Written by Heather Chalmers
The first North Canterbury dairy farm has been confirmed as infected with Mycoplasma bovis.
The dairy farm was in the Waimakariri district and connected through animal movements to other infected farms, the Ministry for Primary Industries said.
While two other North Canterbury properties were infected with M. bovis, they were both beef properties.
To date, 28,279 animals had been culled by MPI, part of an expected cull of about 150,000 cattle in an attempt to rid the country of M. bovis, a bacterial disease which can cause untreatable mastitis, abortion and arthritis in cows.
The disease is harmless to humans and was not transmitted through meat or milk.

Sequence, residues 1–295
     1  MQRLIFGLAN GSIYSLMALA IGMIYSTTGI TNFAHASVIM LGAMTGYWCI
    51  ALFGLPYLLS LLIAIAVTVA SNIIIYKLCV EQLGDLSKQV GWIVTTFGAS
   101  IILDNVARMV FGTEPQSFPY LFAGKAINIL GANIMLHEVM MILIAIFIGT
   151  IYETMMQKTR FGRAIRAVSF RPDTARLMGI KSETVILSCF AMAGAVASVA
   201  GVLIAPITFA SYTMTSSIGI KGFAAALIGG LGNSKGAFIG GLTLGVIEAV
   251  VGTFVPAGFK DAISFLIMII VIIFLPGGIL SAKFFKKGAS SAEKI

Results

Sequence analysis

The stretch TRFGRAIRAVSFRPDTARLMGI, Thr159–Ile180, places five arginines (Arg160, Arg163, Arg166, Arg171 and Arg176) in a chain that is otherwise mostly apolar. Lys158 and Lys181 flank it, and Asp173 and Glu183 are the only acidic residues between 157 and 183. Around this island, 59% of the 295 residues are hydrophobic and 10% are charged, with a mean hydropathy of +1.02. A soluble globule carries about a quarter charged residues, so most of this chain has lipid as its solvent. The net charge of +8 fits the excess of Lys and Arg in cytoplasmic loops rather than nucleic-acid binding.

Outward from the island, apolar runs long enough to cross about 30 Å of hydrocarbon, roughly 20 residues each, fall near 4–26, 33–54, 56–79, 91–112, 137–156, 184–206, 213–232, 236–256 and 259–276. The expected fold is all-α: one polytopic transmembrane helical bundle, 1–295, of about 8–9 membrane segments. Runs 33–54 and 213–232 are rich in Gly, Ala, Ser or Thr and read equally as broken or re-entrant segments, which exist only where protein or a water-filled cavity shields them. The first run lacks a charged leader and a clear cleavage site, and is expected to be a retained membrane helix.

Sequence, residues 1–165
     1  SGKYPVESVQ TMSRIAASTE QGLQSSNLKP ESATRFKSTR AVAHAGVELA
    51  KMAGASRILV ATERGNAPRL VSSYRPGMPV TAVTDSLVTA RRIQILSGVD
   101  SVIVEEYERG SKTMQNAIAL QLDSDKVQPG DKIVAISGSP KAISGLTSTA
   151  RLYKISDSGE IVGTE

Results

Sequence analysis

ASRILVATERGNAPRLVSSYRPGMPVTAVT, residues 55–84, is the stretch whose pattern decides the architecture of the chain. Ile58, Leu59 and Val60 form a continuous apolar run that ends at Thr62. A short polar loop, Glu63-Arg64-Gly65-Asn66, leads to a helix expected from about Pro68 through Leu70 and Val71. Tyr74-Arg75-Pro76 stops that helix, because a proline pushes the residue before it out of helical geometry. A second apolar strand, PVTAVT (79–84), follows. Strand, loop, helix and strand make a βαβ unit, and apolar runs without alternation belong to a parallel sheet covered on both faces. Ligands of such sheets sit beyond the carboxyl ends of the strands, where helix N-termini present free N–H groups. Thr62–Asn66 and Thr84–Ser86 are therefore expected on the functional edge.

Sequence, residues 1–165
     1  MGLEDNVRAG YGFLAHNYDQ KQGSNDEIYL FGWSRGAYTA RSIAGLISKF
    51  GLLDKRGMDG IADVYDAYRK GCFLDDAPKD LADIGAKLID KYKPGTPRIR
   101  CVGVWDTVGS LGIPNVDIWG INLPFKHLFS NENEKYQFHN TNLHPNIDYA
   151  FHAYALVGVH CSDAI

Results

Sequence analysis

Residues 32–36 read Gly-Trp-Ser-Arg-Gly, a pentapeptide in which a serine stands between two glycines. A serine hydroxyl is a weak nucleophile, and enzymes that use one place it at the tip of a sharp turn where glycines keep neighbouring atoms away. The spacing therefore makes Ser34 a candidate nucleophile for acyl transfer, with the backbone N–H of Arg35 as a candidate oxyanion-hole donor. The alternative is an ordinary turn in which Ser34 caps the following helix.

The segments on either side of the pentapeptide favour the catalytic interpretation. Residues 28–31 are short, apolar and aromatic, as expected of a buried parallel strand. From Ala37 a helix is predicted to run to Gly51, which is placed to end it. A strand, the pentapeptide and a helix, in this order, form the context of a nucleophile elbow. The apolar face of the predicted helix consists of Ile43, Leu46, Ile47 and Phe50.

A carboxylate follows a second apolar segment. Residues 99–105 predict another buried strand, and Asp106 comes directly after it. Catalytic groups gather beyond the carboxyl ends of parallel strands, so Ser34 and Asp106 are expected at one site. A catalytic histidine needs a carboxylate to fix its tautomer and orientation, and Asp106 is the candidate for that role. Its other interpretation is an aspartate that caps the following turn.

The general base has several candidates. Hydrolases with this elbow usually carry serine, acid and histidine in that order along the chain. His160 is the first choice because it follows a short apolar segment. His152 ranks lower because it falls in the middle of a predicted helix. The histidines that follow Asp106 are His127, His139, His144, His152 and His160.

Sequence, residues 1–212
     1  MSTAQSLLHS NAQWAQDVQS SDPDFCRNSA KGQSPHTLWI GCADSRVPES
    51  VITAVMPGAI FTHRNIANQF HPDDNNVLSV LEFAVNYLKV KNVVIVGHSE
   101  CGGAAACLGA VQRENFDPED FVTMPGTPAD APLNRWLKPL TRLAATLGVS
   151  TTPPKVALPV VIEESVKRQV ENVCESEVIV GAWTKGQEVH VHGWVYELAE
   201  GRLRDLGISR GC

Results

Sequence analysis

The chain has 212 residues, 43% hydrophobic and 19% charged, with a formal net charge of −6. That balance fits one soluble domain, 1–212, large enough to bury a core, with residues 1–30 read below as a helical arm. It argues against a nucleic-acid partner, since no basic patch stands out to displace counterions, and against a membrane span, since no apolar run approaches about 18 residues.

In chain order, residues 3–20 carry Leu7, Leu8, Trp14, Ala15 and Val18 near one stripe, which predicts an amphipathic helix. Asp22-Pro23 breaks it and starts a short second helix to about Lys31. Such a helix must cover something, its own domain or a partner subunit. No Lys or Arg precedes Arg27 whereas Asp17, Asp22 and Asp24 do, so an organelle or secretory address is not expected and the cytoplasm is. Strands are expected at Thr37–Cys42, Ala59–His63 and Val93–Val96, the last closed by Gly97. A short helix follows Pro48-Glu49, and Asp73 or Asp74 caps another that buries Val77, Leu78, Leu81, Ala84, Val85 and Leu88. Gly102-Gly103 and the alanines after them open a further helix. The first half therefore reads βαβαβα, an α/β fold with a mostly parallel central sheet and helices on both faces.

Canterbury had the highest number of farms confirmed infected with M. bovis at 23, with 17 in Southland.
Of the 23 Canterbury farms, five had been depopulated of animals, cleaned, fallowed and able to be restocked – the latest an Ashburton farm.
Confirmed infected properties totalled 54, of which 13 had been cleared of the disease.
At July 6, 67 claims with a total value of almost $12.5 million have been paid to affected farmers, with $17.3m of claims having been assessed to date.
A total of 197 claims had been received, worth $28.7m, said MPI.